Twenty UK deportation tickets to Rwanda cancelled, says charity

Twenty UK deportation tickets to Rwanda cancelled, says charity
Care4Calais, an organisation campaigning to overturn the UK-Rwanda migration deal, said twenty of those set to be deported on 14 June have had their tickets cancelled.
2 min read
13 June, 2022
The first deportation flight to Rwanda is due to take off on Tuesday. [Chris J Ratcliffe/Getty]

Twenty people due to be deported to Rwanda have had their tickets cancelled, a UK charity said on Monday. Eleven people are still at risk of being sent to Rwanda on Tuesday when the first deportation flight is scheduled to take off.

"Twenty people have had their Rwanda tickets cancelled but eleven still have live tickets for tomorrow," Care4Calais, a UK-based charity supporting migrants at the French-English border, wrote on Twitter on Monday. "We pray that the courts act today to stop this cruel and barbaric plan."

It is not clear who cancelled the deportees' tickets and on what basis. 

A British judge on Friday rejected an emergency bid to block deportation flights of asylum-seekers. Refugee rights organisations, including Care4Calais, said they will appeal the ruling.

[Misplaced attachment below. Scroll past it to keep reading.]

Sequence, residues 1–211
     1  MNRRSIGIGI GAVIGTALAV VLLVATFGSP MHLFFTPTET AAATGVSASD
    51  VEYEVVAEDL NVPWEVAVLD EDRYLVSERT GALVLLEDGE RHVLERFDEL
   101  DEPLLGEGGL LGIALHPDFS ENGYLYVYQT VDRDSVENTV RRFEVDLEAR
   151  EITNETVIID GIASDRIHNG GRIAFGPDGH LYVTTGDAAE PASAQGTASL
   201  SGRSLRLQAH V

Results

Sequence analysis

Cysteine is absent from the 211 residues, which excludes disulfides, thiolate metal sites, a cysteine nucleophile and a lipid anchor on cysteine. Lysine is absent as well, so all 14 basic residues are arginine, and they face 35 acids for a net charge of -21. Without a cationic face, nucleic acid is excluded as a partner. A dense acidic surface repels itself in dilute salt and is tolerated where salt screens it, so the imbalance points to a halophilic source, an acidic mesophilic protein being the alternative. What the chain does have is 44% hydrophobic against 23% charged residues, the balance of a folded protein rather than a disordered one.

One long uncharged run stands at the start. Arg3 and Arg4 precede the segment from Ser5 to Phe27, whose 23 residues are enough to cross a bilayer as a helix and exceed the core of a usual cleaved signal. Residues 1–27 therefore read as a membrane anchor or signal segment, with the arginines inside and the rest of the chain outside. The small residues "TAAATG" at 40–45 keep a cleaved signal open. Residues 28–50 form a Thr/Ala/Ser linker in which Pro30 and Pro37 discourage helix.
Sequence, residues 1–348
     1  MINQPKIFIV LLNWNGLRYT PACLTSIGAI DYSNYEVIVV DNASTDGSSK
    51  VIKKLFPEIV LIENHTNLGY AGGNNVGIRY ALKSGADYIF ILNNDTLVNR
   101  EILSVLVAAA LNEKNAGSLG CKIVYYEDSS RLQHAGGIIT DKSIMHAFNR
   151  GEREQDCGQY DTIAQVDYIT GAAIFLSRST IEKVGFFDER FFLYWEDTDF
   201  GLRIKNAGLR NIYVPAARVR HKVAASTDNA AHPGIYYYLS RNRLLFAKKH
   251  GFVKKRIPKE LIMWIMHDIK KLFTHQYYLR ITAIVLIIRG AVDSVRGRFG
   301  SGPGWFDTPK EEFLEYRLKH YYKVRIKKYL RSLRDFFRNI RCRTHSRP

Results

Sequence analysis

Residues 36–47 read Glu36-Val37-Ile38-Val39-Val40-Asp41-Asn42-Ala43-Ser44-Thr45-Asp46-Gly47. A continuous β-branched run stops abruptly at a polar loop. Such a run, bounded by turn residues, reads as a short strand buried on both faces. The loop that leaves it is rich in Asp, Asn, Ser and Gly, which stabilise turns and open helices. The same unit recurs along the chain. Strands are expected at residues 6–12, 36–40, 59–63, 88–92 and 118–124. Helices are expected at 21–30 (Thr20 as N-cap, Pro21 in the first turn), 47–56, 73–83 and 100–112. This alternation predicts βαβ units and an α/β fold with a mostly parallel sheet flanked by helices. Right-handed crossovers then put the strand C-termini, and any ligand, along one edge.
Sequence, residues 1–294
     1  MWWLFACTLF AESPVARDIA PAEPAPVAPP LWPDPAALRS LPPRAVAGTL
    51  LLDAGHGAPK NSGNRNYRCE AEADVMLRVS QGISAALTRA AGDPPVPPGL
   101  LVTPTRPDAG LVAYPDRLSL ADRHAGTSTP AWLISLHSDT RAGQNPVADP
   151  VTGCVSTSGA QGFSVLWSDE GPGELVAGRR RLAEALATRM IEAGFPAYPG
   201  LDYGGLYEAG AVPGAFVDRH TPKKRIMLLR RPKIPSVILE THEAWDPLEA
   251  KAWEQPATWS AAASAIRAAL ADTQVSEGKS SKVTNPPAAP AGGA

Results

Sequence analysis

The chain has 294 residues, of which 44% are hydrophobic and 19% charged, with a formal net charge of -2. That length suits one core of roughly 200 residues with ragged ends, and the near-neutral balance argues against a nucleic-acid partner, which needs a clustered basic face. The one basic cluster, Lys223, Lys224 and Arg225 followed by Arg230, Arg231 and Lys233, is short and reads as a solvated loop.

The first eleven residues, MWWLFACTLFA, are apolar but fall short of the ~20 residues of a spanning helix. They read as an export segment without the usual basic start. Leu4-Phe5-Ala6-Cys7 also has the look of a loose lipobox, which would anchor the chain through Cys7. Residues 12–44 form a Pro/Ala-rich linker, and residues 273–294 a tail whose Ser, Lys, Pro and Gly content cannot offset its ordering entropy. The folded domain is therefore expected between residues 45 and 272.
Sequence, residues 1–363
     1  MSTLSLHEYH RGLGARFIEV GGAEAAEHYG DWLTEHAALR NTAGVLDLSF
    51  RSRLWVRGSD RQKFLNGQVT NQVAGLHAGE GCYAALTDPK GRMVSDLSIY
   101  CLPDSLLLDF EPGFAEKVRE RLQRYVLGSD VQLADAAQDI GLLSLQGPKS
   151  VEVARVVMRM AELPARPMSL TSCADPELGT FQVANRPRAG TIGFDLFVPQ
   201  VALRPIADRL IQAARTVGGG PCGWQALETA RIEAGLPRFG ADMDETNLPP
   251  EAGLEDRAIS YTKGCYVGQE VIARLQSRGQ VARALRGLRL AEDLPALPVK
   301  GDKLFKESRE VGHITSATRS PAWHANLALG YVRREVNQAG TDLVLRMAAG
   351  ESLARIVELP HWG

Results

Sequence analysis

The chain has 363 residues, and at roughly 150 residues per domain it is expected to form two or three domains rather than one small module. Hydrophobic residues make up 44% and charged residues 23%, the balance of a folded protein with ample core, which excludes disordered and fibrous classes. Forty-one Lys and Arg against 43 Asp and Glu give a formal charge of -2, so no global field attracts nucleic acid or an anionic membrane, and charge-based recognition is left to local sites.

Protests have erupted in recent days to cancel the 14 June flight and overturn the migratory deal signed by the UK and Rwanda on 14 April.

Under the deal, Rwanda agreed to process the asylum claims of migrants who arrived illegally on UK soil after 1 January 2022 (subsequently reported to 9 May). In exchange, the UK committed to investing £120 million ($157 million) in the small East African nation.

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The deal was decried as 'cruel' and 'inhumane' by human rights organisations. Already, several suicide attempts have been recorded among those who fear being targeted by the scheme.

A 27-year-old Syrian man, who received a ticket to Rwanda and risks being separated from his 16-year-old brother, said he would take his own life rather than board the flight. 

Under the scheme, those granted asylum by Rwanda – the most densely populated country in Africa – are expected to remain there, despite concerns about its poor human rights record. The fate awaiting those who do not receive asylum is unclear.

The government said it had issued deportation notices to another 100 people, beyond the 31 initially due to leave on Tuesday's specially chartered flight from an undisclosed airport in the UK.